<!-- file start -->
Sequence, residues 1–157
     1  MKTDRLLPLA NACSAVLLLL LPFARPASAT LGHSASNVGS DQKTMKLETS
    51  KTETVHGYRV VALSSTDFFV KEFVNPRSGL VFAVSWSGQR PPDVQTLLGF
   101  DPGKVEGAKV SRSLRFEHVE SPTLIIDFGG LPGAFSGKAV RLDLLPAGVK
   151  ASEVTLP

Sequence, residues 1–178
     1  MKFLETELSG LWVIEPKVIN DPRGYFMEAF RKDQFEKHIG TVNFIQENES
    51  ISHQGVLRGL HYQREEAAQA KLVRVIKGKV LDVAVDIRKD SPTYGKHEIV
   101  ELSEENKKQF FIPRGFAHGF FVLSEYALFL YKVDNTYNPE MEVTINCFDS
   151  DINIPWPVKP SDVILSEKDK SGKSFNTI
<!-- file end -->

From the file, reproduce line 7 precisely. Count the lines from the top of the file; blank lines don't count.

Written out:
     1  MKFLETELSG LWVIEPKVIN DPRGYFMEAF RKDQFEKHIG TVNFIQENES